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B.C. construction safety officials explain how to be prepared for a pandemic

Peter Caulfield
B.C. construction safety officials explain how to be prepared for a pandemic

It has been over a year since the coronavirus reared its ugly head in Canada.

Judging from the uneven success of combatting the spread of the disease in many jurisdictions here and in the rest of the world, and considering the infrequency of pandemics, one could suggest it is impractical or perhaps even impossible to prepare for them.

Not so, say occupational health and safety (OHS) and construction safety professionals in British Columbia.

“Yes, you can prepare, and you should,” said Melanie Gorman Ng, health and exposure scientist at the BC Construction Safety Alliance (BCCSA). “We’ve known for years about the threat of pandemics and we’ve had several of them this century to learn from, such as the H1N1 flu in 2009, SARS (2002-04) and the Spanish Flu in 1918.” 

“The first step is ‘know thine enemy,’” added Hugh Davies, associate professor in the University of British Columbia’s School of Population and Public Health. “In any emergency, know where the threats are likely to come from, make a plan and practice it. And having an organization like the BCCSA certainly helps. It has the resources that employers need.” 

According to provincial and federal legislation, all employers must prepare for emergencies, said Erin Linde, director of the BCCSA’s health and safety services.

“Employers need to inform their staff about emergency preparation guidelines and practice drills,” said Linde. “It’s the employer’s responsibility.”

History can also help companies to prepare.

“Some large construction employers, such as Ledcor, had an H1N1 program in place,” she said. “They already had a template to work from.”

Barry McCarty, senior manager of health, safety and environment at Ledcor Group, said once you have a basic understanding of the nature of an OHS threat, such as a pandemic, you can plan for anything.

“You don’t need to know everything about a possible infectious disease in order to prepare for it, because the preparation remains the same,” said McCarty. “The level of detail in the preparation plans depends on the nature of the disease and how much is known about treating it.”

Because of its knowledge and experience with occupational hygiene hazards, said McCarty, the construction industry is “uniquely qualified to respond to the protocols established by public health authorities and implement and adhere to procedures that keep workers safe.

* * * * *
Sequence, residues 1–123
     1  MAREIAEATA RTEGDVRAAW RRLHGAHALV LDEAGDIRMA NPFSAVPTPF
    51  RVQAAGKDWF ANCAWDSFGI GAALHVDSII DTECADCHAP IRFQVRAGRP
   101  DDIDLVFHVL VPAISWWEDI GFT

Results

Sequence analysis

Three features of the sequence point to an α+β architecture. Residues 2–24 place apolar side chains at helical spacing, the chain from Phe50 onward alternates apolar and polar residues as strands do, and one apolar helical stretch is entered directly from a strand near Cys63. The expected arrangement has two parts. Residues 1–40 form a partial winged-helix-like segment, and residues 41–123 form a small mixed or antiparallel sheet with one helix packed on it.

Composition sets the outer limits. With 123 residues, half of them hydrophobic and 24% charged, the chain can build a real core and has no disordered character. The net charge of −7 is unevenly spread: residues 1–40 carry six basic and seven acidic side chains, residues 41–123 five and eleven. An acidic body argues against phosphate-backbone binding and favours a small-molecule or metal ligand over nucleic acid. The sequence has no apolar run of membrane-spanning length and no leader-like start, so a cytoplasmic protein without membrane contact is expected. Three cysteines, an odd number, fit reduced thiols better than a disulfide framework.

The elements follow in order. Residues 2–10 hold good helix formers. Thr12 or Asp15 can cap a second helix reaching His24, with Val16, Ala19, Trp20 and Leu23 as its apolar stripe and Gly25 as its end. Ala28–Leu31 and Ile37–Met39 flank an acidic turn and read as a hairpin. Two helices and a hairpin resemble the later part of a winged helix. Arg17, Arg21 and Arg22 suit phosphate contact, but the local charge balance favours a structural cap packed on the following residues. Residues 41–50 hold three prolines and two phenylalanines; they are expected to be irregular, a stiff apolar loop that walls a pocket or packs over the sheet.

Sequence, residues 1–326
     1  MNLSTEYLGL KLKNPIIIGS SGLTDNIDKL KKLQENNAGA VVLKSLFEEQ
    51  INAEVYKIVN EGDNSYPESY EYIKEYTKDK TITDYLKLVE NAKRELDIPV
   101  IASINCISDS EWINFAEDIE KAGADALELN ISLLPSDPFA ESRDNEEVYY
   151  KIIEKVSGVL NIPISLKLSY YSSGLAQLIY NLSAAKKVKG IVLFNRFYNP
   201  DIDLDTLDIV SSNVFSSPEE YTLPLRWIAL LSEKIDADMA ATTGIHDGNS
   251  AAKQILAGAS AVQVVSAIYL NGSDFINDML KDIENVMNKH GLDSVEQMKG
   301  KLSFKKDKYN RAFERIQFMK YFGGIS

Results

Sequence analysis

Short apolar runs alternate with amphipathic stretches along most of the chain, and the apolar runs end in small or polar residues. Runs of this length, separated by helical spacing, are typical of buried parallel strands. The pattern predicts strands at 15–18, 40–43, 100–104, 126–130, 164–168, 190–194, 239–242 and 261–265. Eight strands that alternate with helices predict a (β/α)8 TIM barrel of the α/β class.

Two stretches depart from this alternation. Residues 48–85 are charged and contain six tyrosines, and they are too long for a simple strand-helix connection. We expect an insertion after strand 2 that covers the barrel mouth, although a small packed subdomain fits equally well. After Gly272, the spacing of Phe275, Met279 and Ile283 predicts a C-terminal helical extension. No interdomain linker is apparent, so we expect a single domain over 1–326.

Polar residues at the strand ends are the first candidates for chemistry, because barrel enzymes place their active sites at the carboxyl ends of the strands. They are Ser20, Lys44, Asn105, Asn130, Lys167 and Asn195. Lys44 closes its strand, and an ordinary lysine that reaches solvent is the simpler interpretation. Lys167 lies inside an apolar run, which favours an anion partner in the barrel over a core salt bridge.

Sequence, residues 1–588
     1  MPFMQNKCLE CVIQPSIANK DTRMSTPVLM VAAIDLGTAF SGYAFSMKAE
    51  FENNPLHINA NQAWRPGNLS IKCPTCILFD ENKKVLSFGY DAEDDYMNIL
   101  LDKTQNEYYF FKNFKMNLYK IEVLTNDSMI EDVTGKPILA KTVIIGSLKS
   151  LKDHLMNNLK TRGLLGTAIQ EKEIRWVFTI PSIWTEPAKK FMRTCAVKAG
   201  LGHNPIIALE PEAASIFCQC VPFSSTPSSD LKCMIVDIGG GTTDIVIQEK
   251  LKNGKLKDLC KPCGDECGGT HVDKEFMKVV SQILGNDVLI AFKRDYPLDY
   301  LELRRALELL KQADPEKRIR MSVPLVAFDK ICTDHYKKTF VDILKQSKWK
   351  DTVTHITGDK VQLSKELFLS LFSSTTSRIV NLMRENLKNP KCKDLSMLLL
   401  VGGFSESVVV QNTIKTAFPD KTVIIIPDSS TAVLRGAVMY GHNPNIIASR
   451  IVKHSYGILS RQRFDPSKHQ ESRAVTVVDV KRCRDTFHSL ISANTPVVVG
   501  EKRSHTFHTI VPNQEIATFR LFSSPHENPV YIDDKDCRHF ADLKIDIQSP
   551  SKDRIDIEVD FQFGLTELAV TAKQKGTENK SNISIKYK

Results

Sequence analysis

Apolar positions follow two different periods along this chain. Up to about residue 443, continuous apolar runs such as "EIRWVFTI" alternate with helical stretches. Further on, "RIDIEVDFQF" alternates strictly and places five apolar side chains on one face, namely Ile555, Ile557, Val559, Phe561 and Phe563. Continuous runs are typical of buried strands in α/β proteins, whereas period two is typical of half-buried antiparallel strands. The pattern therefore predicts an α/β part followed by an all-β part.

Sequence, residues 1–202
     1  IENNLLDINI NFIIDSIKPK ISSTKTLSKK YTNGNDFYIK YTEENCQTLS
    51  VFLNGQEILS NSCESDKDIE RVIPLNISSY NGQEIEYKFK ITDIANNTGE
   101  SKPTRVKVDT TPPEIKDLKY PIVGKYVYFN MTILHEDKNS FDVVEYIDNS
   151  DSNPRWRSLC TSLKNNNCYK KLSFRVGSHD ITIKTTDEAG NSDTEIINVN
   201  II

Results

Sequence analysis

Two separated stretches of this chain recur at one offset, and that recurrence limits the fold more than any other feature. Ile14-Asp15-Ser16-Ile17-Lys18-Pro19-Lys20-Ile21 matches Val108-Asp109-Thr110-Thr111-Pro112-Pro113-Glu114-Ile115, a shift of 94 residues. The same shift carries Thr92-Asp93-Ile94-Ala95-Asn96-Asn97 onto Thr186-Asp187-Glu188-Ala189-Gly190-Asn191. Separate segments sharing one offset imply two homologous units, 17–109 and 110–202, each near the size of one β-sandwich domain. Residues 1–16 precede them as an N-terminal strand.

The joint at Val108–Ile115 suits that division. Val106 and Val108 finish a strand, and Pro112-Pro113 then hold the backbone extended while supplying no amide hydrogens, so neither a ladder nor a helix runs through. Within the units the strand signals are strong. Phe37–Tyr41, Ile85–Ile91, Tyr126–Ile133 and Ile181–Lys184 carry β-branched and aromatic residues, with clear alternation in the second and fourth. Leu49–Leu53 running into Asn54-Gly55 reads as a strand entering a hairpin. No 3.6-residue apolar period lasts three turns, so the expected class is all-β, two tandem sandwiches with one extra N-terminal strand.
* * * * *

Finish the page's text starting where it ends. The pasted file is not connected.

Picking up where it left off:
“We’re used to changing quickly and adjusting on the fly,” he said. “Because of the nature of construction work, the industry is also good at setting procedures and following them.”

Ledcor already had plans in place to protect its workers in case of another outbreak of the H1N1 virus.

“We put those plans into action right away almost immediately and updated them for the requirements of COVID-19,” said McCarty. “We engaged occupational hygienist Robin Van Driel, of VOHS Consulting Group, who kept up on the information being generated on COVID-19 and helped us ensure that our protocols and procedures were science-based and framed in accordance with OHS regulatory requirements. Having the H1N1 plan and procedures in place and making COVID-19 adjustments meant that we were not stuck, like some others, trying to figure out where to begin.”

The B.C. construction industry’s COVID-19 preparations went into higher gear on March 20, 2020, when a number of larger employers met to discuss the development and standardization of procedures to protect workers on all construction sites.

“It was during this meeting that I realized that BCCSA was in the perfect position to distribute the procedures the group had developed to all employers in B.C. and, as it turned out, to share those procedures with employers and construction safety associations across Canada,” said McCarty.  

A few days later, the Vancouver Regional Construction Association (VRCA) arranged for COVID-19 procedures developed by Ledcor and some other large contractors to be shared with the rest of the industry.

“VRCA played an important role in hosting additional forums and sharing information between their members and other regional construction associations, as well as the Canadian Construction Association,” said McCarty.

Mike McKenna, BCCSA executive director, said logistics are an essential part of planning for COVID-19 or any other OHS emergency.

“There needs to be a supply chain of information in place,” said McKenna. “It enabled the construction industry and BCCSA to act as one. The alliance acted as a curator of information. We gathered it, added to it in some cases and then sent it out to the rest of the construction industry.”

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